Monday's Briefing: Port of Oakland's record-breaking month; McElhaney ask for help in finding son's killer

Newsom's state budget allocates $1 billion for homeless

by Steven Tavares
Mon, May 13, 2019 at 6:00 AM

News you don't want to miss for May 13:

1. The Port of Oakland received more shipping containers last April than any other month in its history, KQED reports, due to companies moving swiftly to import items before President Trump's tariffs on China fully kick in. The Port received more than 80,000 containers last month.

2. Port of Oakland commissioners will meet this afternoon to decide whether to sign a term sheet with the Oakland Athletics that could lead to the construction of a 35,000-seat ballpark at Howard Terminal. The A's will hold a noon rally at Jack London Square before the vote, featuring Rickey Henderson and Dallas Braden.

3. "Calling it “a stain on the state of California,” Gov. Gavin Newsom on Thursday vowed to use part of a historic budget surplus to tackle homelessness in the nation’s most prosperous state," the Associated Press reports. Newsom's revised budget calls for an allocation of $1 billion for the homeless. The entire budget calls for $213.5 billion in spending.

4. "The Trump administration brought its pro-drilling agenda to Northern California on Thursday, disclosing a plan to make more land available for oil and gas development, including parts of the Santa Cruz Mountains and East Bay hills," the San Francisco Chronicle reports. $$

5. Two months after Oakland Councilmember Lynette Gibson McElhaney's son was tragically killed by a gunman in Los Angeles following a botched robbery, she is asking Southern California residents for help in bringing his killer to justice, the Los Angeles Times reports. $$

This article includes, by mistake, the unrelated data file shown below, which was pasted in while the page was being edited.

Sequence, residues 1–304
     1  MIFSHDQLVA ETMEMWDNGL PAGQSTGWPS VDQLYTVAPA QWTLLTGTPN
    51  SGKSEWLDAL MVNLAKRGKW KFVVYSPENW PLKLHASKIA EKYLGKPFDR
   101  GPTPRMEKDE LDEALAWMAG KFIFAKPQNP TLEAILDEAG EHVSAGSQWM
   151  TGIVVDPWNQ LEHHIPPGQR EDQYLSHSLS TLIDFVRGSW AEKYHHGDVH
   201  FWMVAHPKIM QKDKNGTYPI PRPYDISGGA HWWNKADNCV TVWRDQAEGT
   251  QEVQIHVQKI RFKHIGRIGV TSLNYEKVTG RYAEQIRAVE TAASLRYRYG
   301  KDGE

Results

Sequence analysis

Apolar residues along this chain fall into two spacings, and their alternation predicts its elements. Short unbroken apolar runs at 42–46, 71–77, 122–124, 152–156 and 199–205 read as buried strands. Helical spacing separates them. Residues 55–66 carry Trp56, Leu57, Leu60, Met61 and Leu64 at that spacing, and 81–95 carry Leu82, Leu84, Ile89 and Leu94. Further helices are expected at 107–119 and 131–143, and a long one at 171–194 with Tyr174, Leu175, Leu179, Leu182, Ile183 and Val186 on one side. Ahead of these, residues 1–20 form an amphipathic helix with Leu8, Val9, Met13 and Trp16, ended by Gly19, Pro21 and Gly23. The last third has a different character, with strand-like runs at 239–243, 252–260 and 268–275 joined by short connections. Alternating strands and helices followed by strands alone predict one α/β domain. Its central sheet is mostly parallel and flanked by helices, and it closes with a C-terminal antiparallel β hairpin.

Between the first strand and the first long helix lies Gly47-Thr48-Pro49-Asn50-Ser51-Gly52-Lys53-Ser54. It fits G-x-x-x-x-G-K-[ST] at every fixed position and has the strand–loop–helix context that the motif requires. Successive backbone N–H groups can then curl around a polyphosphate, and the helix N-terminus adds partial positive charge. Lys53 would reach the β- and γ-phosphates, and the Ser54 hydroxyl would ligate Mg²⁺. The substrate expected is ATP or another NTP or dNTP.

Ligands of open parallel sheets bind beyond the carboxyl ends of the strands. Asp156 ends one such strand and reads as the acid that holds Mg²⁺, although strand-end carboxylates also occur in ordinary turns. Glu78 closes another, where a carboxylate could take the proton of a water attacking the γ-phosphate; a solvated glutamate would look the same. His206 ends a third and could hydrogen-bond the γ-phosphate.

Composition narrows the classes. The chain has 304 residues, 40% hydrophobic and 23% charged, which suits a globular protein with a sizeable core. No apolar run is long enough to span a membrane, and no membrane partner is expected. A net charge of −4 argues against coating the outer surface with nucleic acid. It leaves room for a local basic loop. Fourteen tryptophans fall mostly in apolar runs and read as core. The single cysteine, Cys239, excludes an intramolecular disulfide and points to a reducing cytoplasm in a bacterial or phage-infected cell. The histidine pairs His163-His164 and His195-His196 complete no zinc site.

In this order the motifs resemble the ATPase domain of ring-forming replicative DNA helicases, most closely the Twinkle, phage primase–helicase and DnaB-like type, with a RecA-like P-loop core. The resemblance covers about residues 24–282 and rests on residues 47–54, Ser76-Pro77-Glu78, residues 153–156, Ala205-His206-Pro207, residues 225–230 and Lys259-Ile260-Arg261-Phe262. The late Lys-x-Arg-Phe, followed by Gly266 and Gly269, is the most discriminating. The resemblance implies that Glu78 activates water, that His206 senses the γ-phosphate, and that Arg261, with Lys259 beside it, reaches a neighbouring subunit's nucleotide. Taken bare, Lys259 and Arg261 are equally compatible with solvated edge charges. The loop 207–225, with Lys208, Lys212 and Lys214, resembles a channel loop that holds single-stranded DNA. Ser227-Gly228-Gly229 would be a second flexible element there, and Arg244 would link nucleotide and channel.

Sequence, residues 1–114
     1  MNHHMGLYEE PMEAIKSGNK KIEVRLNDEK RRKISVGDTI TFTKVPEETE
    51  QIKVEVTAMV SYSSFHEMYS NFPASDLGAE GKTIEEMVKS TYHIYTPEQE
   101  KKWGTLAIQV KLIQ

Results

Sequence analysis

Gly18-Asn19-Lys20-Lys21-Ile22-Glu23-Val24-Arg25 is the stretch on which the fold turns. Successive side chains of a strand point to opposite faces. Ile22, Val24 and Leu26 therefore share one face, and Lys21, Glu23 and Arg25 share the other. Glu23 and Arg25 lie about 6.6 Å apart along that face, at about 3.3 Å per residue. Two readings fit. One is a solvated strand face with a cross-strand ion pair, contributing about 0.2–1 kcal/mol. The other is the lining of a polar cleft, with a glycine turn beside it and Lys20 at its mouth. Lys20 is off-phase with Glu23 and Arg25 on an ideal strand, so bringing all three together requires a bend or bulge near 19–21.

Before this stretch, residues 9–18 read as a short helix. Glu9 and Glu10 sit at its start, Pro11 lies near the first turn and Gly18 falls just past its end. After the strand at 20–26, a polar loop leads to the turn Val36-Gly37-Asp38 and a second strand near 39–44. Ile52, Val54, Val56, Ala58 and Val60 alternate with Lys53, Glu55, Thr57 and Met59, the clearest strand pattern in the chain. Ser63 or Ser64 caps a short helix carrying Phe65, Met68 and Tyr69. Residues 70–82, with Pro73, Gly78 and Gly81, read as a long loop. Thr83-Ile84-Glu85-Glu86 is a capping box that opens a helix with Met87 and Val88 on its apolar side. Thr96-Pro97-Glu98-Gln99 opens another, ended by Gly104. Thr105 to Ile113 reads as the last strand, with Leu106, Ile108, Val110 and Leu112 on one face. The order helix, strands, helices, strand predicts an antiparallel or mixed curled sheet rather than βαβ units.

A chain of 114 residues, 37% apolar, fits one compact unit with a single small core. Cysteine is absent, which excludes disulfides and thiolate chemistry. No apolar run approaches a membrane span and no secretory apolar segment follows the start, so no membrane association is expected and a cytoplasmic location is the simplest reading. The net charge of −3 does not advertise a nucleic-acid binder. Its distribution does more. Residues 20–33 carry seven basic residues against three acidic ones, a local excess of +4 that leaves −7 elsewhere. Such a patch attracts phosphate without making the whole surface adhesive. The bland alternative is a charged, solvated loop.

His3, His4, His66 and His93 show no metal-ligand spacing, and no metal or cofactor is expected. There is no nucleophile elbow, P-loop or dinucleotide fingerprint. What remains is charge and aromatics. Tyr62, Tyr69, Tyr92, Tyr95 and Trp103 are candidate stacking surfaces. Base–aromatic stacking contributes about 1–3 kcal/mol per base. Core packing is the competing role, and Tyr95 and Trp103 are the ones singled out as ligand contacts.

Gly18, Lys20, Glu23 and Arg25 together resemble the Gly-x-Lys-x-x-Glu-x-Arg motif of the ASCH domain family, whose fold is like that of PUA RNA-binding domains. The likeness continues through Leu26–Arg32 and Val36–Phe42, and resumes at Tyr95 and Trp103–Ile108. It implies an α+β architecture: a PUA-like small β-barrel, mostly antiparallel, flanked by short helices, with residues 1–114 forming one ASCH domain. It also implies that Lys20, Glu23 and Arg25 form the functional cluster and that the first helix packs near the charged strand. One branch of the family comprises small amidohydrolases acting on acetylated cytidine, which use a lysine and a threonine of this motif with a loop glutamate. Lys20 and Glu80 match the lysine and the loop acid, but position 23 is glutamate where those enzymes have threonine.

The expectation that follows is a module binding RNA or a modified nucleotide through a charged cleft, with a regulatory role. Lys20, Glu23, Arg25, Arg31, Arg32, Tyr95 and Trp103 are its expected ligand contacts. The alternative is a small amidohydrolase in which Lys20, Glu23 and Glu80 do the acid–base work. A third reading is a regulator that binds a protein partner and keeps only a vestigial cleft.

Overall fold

6. It might not be a suggestion that Kamala Harris's campaign would like to persist, but John Bresnahan reports in Politico, "The Congressional Black Caucus may have found an answer to its Joe Biden dilemma: Vice President Kamala Harris." Although not mentioned in the article, East Bay Rep. Barbara Lee, is part of the CBC's leadership and one of Harris's biggest supporters in Congress.

7. Bay Area residents displaced by the housing crunch may now find it difficult to find salvation in some places of worship. That's because the housing crisis is also hitting some small churches all over the Bay Area who are struggling to pay rent on their houses of worship for a number of factors, including the loss of parishioners who have moved away, the Mercury News reports. $$